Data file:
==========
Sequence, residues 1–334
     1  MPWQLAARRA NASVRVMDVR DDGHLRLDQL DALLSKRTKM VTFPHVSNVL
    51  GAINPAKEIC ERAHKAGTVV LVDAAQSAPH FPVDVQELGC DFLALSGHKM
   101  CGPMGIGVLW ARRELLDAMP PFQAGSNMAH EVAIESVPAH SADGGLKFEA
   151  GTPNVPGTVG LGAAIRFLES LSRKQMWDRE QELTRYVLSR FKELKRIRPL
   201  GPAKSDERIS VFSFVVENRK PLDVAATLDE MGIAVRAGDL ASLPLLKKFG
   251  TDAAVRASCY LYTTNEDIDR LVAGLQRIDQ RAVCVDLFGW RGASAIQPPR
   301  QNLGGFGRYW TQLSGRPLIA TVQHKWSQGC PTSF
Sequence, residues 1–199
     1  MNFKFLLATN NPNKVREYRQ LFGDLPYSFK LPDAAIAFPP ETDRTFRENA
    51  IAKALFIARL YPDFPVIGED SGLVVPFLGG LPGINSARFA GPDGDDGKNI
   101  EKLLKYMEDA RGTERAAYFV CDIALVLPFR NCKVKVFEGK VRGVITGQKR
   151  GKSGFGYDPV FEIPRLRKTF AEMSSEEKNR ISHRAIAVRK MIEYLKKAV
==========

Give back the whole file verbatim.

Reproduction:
Sequence, residues 1–334
     1  MPWQLAARRA NASVRVMDVR DDGHLRLDQL DALLSKRTKM VTFPHVSNVL
    51  GAINPAKEIC ERAHKAGTVV LVDAAQSAPH FPVDVQELGC DFLALSGHKM
   101  CGPMGIGVLW ARRELLDAMP PFQAGSNMAH EVAIESVPAH SADGGLKFEA
   151  GTPNVPGTVG LGAAIRFLES LSRKQMWDRE QELTRYVLSR FKELKRIRPL
   201  GPAKSDERIS VFSFVVENRK PLDVAATLDE MGIAVRAGDL ASLPLLKKFG
   251  TDAAVRASCY LYTTNEDIDR LVAGLQRIDQ RAVCVDLFGW RGASAIQPPR
   301  QNLGGFGRYW TQLSGRPLIA TVQHKWSQGC PTSF
Sequence, residues 1–199
     1  MNFKFLLATN NPNKVREYRQ LFGDLPYSFK LPDAAIAFPP ETDRTFRENA
    51  IAKALFIARL YPDFPVIGED SGLVVPFLGG LPGINSARFA GPDGDDGKNI
   101  EKLLKYMEDA RGTERAAYFV CDIALVLPFR NCKVKVFEGK VRGVITGQKR
   151  GKSGFGYDPV FEIPRLRKTF AEMSSEEKNR ISHRAIAVRK MIEYLKKAV